Polymerase Chain Reaction (PCR)

PCR

What is needed for PCR?

The three stages

Evaluation comparing in vitro gene cloning with in vivo gene cloning

HideShow resource information
  • Created by: Steph
  • Created on: 25-04-12 19:20
Preview of Polymerase Chain Reaction (PCR)

First 431 words of the document:

Polymerase Chain Reaction (PCR) ­ in vitro gene cloning
It is a method of copying fragments of DNA and needs:
DNA to be copied
DNA polymerase ­ an enzyme which joins nucleotides together (Obtained from bacteria in hot
spring, therefore it is tolerant to heat and so does not denature at high temperatures)
Primers ­ complementary short sequences of nucleotides to the end of the DNA fragments,
prevent the two separate strands of DNA rejoining
Nucleotides ­ adenine, cytosine, guanine and thymine
Thermocycler ­ precise temperature variation by a computer controlled machine
3 stages that copy both separated strands simultaneously, this can then be repeated doubling the
amount each cycle
1) The DNA fragments, primers and DNA polymerase are placed into a vessel within the
thermocycler with the temperature increased to 95°C. This causes separation of the DNA
strand.
2) It is then cooled to 55°C which means that the primers can join to their complementary bases on
the DNA fragment. The addition (annealing) of the primers is important as they are the
starting sequences which allow DNA polymerase to copy the DNA.
3) The temperature is increased to 72°C which is the optimum temperature for DNA polymerase to
add complementary nucleotides along the separated DNA strands. It begins at the primers and
adds nucleotides in sequences until the end of the chain, this is DNA synthesis.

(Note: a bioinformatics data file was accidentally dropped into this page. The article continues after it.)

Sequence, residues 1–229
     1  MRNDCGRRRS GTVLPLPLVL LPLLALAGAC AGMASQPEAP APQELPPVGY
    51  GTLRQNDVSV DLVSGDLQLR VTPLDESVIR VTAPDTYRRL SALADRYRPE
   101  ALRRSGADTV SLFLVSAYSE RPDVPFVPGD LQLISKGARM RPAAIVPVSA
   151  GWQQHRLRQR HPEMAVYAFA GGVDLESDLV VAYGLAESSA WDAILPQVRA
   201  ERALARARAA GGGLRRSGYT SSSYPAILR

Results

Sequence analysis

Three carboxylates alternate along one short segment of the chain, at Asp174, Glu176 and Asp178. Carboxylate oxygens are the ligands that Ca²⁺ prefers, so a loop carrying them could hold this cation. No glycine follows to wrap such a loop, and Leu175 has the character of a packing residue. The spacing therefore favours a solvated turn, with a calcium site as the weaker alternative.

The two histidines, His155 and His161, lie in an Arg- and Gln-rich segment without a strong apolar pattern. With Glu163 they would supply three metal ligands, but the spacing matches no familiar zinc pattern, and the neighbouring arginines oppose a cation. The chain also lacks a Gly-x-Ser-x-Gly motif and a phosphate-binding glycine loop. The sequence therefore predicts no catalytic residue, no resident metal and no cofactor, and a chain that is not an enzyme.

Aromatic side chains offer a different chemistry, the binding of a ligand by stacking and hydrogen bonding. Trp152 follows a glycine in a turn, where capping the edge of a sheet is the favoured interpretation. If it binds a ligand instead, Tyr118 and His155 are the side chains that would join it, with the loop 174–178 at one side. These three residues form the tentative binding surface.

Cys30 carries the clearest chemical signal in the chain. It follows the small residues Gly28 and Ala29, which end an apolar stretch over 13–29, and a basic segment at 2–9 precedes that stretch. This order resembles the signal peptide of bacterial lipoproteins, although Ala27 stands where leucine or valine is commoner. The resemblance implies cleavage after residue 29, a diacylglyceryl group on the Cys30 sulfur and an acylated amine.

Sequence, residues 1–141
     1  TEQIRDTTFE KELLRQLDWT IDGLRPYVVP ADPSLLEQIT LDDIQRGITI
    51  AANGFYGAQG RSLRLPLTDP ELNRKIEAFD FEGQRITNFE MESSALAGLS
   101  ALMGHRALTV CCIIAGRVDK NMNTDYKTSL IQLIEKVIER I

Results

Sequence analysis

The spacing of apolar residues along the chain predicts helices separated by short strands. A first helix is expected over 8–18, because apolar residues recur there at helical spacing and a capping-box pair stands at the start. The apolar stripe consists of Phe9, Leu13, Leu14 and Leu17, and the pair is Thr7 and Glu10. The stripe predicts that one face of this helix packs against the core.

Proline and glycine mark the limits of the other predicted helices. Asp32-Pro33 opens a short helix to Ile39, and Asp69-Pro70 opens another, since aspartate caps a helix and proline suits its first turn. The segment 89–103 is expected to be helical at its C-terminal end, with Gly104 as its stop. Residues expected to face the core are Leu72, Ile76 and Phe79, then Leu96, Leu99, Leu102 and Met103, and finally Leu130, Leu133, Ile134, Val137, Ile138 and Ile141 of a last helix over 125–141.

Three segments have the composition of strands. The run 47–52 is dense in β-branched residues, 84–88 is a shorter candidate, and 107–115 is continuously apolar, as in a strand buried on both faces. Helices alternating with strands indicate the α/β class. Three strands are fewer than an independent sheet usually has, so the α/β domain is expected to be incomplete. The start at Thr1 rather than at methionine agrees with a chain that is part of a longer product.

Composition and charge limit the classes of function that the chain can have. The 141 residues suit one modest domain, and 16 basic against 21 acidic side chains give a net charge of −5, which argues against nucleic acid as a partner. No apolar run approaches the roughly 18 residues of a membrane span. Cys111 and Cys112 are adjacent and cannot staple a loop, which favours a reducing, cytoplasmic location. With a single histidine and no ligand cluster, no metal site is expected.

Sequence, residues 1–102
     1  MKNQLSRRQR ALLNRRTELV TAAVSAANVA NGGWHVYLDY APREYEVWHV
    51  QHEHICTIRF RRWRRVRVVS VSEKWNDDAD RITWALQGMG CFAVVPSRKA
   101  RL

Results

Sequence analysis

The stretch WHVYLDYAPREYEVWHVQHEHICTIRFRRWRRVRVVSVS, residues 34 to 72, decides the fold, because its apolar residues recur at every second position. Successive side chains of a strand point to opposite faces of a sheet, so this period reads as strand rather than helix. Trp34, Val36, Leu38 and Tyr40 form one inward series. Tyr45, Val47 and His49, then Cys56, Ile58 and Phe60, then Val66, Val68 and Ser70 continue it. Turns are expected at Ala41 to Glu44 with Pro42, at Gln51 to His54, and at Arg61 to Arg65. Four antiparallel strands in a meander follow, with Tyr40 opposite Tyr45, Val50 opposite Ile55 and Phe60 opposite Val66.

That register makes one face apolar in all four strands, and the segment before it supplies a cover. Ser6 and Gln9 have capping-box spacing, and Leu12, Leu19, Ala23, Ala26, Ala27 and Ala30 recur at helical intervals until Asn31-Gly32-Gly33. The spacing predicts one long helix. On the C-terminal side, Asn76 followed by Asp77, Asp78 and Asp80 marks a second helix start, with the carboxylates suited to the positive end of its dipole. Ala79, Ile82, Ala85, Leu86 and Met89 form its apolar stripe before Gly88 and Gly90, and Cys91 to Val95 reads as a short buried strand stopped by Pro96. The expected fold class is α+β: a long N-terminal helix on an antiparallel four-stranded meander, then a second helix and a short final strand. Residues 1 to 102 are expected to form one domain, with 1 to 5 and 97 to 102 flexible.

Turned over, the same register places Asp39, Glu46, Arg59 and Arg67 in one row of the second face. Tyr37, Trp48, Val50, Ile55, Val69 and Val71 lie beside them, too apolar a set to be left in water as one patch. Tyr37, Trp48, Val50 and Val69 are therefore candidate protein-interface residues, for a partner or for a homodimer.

It is important for aspects of science and medicine such as in forensic examinations of blood, hair or
semen samples and then this information can be used for cross-matching.
In vitro and in vivo gene cloning:
In vitro In vivo
It is very fast, which is valuable especially
It would take days or weeks to produce the
when only a small amount of DNA is available
same quantity of DNA as in vitro.
e.g. at the scene of a crime.
It does not require living cells meaning that It involves culturing the bacteria or vector
complex culturing techniques are not needed. which is often a complex and long procedure
It involved no risk of contamination as the
It requires a very pure sample as any
restriction endonuclease can match the
contaminant DNA would also be multiplied
`sticky ends' together
At any one time, 20% of the DNA cloned is
It is very accurate as the DNA copied has
copied inaccurately although modern
very few, if any, errors.
techniques have now improved.

Comments

No comments have yet been made

Similar Biology resources:

See all Biology resources »See all resources »